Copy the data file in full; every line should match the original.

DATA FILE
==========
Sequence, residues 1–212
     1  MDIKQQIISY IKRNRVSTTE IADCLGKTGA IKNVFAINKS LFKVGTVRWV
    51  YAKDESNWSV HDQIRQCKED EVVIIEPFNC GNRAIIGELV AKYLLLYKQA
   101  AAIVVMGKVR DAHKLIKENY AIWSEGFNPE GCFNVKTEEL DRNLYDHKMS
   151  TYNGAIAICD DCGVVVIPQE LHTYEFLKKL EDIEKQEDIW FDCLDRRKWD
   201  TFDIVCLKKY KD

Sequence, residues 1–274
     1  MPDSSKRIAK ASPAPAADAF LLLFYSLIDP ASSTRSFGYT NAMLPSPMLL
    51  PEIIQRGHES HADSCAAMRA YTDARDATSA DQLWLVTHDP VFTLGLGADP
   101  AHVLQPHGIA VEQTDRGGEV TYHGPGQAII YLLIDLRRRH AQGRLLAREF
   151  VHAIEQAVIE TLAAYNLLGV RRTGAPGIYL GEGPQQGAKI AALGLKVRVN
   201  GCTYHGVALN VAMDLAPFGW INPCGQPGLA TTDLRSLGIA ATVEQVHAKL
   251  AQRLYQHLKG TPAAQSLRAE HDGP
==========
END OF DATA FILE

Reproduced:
Sequence, residues 1–212
     1  MDIKQQIISY IKRNRVSTTE IADCLGKTGA IKNVFAINKS LFKVGTVRWV
    51  YAKDESNWSV HDQIRQCKED EVVIIEPFNC GNRAIIGELV AKYLLLYKQA
   101  AAIVVMGKVR DAHKLIKENY AIWSEGFNPE GCFNVKTEEL DRNLYDHKMS
   151  TYNGAIAICD DCGVVVIPQE LHTYEFLKKL EDIEKQEDIW FDCLDRRKWD
   201  TFDIVCLKKY KD

Sequence, residues 1–274
     1  MPDSSKRIAK ASPAPAADAF LLLFYSLIDP ASSTRSFGYT NAMLPSPMLL
    51  PEIIQRGHES HADSCAAMRA YTDARDATSA DQLWLVTHDP VFTLGLGADP
   101  AHVLQPHGIA VEQTDRGGEV TYHGPGQAII YLLIDLRRRH AQGRLLAREF
   151  VHAIEQAVIE TLAAYNLLGV RRTGAPGIYL GEGPQQGAKI AALGLKVRVN
   201  GCTYHGVALN VAMDLAPFGW INPCGQPGLA TTDLRSLGIA ATVEQVHAKL
   251  AQRLYQHLKG TPAAQSLRAE HDGP